So there you have my full endorsement, without reservations. As if they need it: 93% of preggos who use any kind of pregnancy guide read WTEWYE. I guess the What To Expect marketing geniuses figured tastemakers like me (*coughbullshitcough*) could convert the other whatever percent is left after you do the math. Instead, I'm going to take this opportunity to mock the Pregnancy Bible, the Koran of Conception, the Gestation Dissertation. With great affection, of course.
The edition of WTEWYE that my wife and I read was a hand-me-down from a friend, and was a bit dated. It included a nutrition section called "The Best Odds Diet," which is not what they call it in the new version. In fact, the new edition tells the reader that there are many ways to eat well during pregnancy, and they don't have to follow a particular diet. So my mockery is anachronistic. But still.
Unlike the nutrition advice in the latest edition, The Best Odds Diet laid out a very strict regimen of self-denial in the interest of fetal health and maintenance of mom's girlish figure. My resourceful wife, however, quickly found another reliable expert who argued that in the case of multiples, an expectant mother should eat whatever the hell she craves in order to bring those babies to term. Dr. Mom lustily followed the latter advice and carried our girls for 37 weeks, working full-time well into the third trimester. But we sometimes read the Best Odds Diet just for laughs.
And the thing in that old edition of WTEWYE that really won me over was a suggestion for dealing with "intimacy issues" later in the pregnancy. It recommended that, rather than intercourse, an amorous couple might consider enjoying a milkshake in bed. It would be just as romantic, but not as uncomfortable.
Then it told us to turn to the page with the recipe for the Best Odds milkshake. I don't think there was even any milk or yogurt in it, much less sugar and cream. It was an ascetic blend of frozen bananas, ice, flax seed, and like some twigs and grass, I think. The recipe was as sensual as a quarterly financial report.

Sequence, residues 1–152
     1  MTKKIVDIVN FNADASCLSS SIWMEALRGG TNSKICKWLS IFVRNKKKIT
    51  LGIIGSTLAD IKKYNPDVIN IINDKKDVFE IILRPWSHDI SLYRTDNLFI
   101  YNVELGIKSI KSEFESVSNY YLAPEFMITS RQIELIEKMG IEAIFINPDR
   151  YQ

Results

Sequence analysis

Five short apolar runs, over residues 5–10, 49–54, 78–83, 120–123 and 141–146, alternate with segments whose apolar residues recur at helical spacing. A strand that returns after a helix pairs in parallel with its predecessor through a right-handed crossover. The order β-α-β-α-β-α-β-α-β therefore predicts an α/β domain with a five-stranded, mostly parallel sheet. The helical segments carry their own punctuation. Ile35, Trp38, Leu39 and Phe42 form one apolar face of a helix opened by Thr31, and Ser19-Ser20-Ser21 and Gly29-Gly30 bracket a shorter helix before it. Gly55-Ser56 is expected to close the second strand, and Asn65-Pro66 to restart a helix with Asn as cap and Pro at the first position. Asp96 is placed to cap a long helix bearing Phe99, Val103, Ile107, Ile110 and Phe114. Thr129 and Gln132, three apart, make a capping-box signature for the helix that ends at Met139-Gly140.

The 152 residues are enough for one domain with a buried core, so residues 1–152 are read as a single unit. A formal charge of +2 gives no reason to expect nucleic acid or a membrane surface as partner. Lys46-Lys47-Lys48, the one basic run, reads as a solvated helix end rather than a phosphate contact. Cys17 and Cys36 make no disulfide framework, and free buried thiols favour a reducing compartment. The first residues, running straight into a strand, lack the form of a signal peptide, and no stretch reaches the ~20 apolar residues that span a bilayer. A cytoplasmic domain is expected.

So, you are hoping to knock pregnant boots till the break of dawn, but instead you end up in bed with a mug of frozen mirthlessness.
You might think that this would have eroded some of the credibility the book had in my estimation. On the contrary, it made me love the book even more. It was just trying so damn hard! And its intentions were so good. All it wanted was for us to do everything we could to keep ourselves and our babies as healthy as possible. And the latest edition wants the same thing. It just doesn't demand as much self-denial.
Okay. Now. Back to my full disclosure. The guy from What To Expect asked me to write a review and/or include a link to the WTE website in exchange for providing some books for me to give my readers, as well as copies for me to review. I asked if I could have some copies to donate to my wife's clinic instead. (My wife is a doc at a community clinic where most of the patients are uninsured or covered by public programs, and don't have a lot of resources.) So he said how about we give a bunch of books to the clinic and give some away to your readers? And I was all, cool.
So, to make it interesting, I decided to turn this into a contest. If you don't expect to be expecting, and you don't want any of these books, I still encourage you to play the game, just for laughs. Also, remember that these books make great gifts for your knocked up friends or new parents that you know.